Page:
What Is an Act of God in Home Insurance?

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In insurance terms, an act of God is a force of nature that humans are unable to control like a hurricane or blizzard. While most acts of God are covered by a typical homeowners insurance policy, some of them are often excluded from coverage such as floods and earthquakes.

Keep reading to learn more about the kinds of natural disasters your insurance policies are likely to cover and whether you need additional act of God insurance coverage.

Key Takeaways

  • An act of God is a natural force that exists outside of human control.
  • Homeowners insurance generally insures your home, belongings and other structures on your property against acts of God like windstorms, wildfires and snowstorms.
  • You will likely need to buy separate flood and earthquake coverage to insure your property against these perils.
  • Commercial property insurance often provides similar coverage to a homeowners policy, meaning your business property should be insured against wind, fire and snow but not against floods and earthquakes.
  • If you buy comprehensive coverage, your personal car insurance policy should cover damage from any natural disaster as long as your policy doesn’t come with an act of God exclusion.

Are Acts of God Covered by Insurance?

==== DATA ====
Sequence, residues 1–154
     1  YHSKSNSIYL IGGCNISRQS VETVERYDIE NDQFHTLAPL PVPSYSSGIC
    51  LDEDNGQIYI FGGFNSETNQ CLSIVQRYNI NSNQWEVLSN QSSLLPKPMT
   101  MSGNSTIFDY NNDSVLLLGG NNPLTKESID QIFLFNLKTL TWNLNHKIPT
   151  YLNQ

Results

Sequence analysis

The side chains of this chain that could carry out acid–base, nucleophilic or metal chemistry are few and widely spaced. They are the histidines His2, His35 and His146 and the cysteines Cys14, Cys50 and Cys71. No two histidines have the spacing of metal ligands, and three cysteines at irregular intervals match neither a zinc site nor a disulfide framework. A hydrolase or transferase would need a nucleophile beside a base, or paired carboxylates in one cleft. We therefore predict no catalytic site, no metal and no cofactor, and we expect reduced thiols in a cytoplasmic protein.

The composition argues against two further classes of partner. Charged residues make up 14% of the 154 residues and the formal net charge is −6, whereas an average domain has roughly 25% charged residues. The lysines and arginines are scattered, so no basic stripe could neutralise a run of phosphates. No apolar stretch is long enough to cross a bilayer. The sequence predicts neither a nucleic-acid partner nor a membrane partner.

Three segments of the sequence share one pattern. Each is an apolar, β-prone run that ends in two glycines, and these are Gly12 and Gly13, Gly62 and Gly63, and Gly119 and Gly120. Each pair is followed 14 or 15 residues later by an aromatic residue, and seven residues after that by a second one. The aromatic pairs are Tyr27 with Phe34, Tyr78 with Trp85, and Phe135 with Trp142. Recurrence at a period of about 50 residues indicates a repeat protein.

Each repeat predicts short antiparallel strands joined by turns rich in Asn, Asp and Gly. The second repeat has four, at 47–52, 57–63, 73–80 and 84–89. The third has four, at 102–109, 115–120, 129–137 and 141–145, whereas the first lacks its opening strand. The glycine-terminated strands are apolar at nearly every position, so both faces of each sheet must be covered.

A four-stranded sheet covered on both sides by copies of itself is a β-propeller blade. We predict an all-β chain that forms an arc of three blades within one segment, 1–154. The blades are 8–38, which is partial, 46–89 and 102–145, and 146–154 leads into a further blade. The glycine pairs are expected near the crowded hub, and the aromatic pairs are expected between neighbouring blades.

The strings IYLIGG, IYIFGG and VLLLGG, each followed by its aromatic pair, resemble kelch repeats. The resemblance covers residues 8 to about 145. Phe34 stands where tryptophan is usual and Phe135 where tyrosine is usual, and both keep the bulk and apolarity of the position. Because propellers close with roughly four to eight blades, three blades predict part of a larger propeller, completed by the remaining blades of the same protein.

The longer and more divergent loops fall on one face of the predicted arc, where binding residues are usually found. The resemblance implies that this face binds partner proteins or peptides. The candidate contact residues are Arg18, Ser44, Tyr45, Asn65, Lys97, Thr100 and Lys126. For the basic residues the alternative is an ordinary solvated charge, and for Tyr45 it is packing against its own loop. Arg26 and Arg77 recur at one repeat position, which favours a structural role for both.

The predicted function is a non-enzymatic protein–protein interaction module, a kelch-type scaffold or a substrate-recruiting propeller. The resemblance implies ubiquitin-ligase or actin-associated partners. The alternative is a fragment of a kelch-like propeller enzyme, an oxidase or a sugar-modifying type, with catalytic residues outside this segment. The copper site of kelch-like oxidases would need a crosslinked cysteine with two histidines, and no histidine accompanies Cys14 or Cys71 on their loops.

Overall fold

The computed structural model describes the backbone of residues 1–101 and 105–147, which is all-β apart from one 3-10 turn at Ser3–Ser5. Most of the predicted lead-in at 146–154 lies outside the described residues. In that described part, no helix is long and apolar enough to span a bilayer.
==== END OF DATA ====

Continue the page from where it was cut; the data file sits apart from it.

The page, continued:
Many acts of God are covered by homeowners insurance since the primary function of insurance is to protect you from financial losses due to sudden and unexpected sources of damage. Other types of coverage like car insurance and commercial insurance may also provide coverage for unpredictable natural forces.

Keep in mind that there is not a specific coverage type known as “act of God insurance.”

Instead, most natural disasters are automatically covered by insurance, while there are individual coverage types you have the option to purchase that can account for the few acts of God insurance doesn’t generally cover.

What Acts of God Are Covered by Home Insurance?

See below for an overview of the natural perils your home and belongings are likely to be insured against. Remember that most policies insure the structure of your home against any peril that isn’t listed as an exclusion but insure your personal property only against perils named in the policy.

Wind and Hail

Homeowners insurance generally covers damage from hail and windstorms such as hurricanes, tornadoes and thunderstorms. Your policy should also cover falling objects such as a tree branch that falls onto your roof or blows through your window during a windstorm.

The exception to this rule is in coastal regions like the Texas Gulf Coast, where insurance companies may exclude coverage for these perils due to the high rate of wind and hail damage in the area.[1] In this case, you would need to buy separate windstorm insurance.